A Senior US District Judge wrote on his blog “It is time to tell Congress to go to hell” and suggested that there may be a war brewing between the two branches of government over lack of funding.
Judge Richard Kopf, who sits in Lincoln, Nebraska, vented about the difficulties being faced by the court system, including the slowing of justice for those petitioning the court for relief.
“Given the loss of employees already suffered by the judiciary on account of the sequester and otherwise, why shouldn’t every remaining employee of every federal district court (including [federal public defenders]) be declared ‘essential?’” the judge asked.
“Such an order would set up an inter-branch dispute worth having….[Congress] could do nothing, in which event Congress loses its ability to destroy the judiciary [by] failing to pass a budget. Or, Congress could go batshit and the judiciary and Congress could have it out,” he said.
Such exasperation is even creeping into judicial rulings.
When lawyers for the House urged Judge Amy Berman Jackson to keep a case demanding Operation Fast and Furious-related records from Attorney General Eric Holder moving forward during the shutdown, the judge said lawmakers could cool their heels, just like others with claims pending against the government.
“While the vast majority of litigants who now must endure a delay in the progress of their matters do so due to circumstances beyond their control, that cannot be said of the House of Representatives, which has played a role in the shutdown that prompted the stay motion,” Jackson wrote.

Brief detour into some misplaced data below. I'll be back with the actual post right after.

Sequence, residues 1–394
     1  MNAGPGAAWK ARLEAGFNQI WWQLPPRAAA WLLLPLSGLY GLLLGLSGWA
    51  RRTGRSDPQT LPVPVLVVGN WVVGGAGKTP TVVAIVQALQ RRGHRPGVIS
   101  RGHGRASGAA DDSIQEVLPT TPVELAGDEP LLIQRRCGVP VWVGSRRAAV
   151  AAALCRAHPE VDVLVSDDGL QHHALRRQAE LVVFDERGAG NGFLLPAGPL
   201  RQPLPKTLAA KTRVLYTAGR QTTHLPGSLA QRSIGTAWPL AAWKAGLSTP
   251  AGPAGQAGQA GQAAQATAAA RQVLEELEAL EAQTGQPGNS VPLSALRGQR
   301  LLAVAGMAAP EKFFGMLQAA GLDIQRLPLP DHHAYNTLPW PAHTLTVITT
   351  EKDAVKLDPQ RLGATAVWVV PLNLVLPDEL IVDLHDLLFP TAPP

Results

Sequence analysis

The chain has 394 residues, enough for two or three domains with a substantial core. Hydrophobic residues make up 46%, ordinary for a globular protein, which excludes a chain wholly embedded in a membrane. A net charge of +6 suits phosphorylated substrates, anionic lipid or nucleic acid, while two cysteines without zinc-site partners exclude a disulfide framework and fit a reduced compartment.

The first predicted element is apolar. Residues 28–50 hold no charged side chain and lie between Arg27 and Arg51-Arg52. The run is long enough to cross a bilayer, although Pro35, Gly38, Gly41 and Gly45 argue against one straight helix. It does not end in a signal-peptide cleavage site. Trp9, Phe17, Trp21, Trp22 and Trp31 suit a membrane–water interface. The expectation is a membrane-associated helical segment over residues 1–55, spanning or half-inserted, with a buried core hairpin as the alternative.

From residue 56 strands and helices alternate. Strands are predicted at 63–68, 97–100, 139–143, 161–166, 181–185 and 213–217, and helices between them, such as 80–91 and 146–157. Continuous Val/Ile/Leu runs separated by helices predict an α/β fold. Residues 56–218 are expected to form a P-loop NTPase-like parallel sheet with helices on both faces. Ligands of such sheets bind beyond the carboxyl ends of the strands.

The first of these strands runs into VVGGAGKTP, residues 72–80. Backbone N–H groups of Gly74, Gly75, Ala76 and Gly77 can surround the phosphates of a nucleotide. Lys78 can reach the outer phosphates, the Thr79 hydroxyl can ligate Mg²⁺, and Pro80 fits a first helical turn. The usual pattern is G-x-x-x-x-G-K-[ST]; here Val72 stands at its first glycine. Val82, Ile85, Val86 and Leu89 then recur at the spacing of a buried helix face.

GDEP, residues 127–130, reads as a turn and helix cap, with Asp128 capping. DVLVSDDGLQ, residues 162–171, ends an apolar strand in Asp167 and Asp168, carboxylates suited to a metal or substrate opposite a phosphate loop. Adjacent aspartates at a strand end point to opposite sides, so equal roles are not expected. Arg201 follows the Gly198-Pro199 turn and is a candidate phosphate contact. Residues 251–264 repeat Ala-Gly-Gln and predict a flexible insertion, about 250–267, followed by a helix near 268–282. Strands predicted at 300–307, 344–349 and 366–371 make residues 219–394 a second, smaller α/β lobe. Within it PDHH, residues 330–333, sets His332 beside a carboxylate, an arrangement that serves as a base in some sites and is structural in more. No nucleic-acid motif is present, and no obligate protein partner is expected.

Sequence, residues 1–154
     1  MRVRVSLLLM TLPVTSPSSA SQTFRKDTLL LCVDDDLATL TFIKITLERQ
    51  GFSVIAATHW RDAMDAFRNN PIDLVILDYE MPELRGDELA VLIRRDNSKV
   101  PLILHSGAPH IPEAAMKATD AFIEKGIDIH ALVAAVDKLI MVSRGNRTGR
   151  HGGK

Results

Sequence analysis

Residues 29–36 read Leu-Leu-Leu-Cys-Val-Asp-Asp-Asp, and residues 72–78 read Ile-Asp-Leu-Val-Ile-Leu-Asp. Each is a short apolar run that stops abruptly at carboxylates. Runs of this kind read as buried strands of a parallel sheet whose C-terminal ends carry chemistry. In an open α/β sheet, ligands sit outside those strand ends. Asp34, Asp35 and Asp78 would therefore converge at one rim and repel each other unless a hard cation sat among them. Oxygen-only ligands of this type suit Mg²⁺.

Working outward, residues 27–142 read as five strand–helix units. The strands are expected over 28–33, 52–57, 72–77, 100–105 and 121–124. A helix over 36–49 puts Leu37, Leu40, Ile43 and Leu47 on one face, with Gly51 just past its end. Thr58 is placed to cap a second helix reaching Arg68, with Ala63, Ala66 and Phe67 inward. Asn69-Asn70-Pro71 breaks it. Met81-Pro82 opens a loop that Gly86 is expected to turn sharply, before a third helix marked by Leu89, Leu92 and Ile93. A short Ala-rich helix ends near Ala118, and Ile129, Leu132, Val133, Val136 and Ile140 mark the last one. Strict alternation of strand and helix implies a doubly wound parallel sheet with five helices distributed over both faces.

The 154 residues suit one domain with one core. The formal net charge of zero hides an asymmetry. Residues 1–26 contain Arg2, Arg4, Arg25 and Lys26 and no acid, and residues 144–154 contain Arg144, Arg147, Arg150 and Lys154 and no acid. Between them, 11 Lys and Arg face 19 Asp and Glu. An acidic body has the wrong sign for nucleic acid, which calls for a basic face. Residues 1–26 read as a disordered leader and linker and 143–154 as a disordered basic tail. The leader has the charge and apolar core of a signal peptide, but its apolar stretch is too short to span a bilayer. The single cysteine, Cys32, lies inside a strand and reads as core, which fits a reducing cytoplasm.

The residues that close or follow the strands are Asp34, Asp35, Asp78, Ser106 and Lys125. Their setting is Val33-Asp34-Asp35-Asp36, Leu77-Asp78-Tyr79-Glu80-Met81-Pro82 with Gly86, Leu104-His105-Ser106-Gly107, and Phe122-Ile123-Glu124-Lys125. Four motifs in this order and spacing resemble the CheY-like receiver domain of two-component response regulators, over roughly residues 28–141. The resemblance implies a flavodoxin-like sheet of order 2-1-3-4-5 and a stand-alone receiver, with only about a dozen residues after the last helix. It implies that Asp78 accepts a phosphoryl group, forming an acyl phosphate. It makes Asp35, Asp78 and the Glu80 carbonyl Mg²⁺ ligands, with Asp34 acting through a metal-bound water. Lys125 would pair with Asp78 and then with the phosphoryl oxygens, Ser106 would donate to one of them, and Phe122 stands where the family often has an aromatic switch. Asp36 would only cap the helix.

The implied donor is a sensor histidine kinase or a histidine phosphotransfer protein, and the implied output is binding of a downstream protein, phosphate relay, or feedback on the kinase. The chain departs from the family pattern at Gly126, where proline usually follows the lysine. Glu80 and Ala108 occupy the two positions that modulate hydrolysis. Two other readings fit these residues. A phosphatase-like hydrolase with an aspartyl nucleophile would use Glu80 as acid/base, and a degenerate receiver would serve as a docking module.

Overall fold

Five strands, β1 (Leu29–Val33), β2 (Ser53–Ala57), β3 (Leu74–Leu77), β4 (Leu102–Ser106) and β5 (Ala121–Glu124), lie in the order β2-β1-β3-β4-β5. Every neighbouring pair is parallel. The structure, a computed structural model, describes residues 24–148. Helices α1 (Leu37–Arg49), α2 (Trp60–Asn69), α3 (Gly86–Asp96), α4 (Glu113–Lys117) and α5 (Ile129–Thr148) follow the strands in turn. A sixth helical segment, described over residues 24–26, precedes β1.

Even before the shutdown, the judiciary shed nearly 2,700 support staff positions over the past two years. Funding for drug testing and electronic monitoring of pre-trial detainees had also been slashed by 20 percent, and federal defenders were under orders to take about 15 days of unpaid furlough in the past year.
The cuts have caused delays in criminal and civil cases. Even the posting of judge’s orders has slowed, with many federal court clerk’s offices looking largely empty compared with a few years ago.
Sequestration cut $350 million, or about 5 percent, from the judiciary’s budget in the past fiscal year, bringing it to about $6.6 billion annually.
Judges themselves are effectively exempt from furlough because the Constitution says their salaries — currently $174,000 for district court judges — cannot be reduced.
For the past two weeks, the federal courts have essentially operated on fumes, using funds from filing fees and so-called no-year appropriations to pay salaries and keep the lights on. Court budget personnel now predict that money will run out on Thursday or Friday of this week. After that, work deemed essential will continue, but there will be no way to pay employees, contractors or utilities until Congress passes legislation including temporary or year-long funding.
This is not the first time that complaints from judges have bubbled up in the press. In August, 87 federal court judges sent a letter to Congress warning of “devastating” consequences if funds weren’t restored. As with much of the sequestration it’s difficult to tell how much real pain is being inflicted or how much unwillingness there is to prioritize and budget intelligently.
Regardless, it appears that the situation is coming to a head this week, which will only add pressure to re-open the government and reform sequestration to mitigate some of its effects on unintended targets.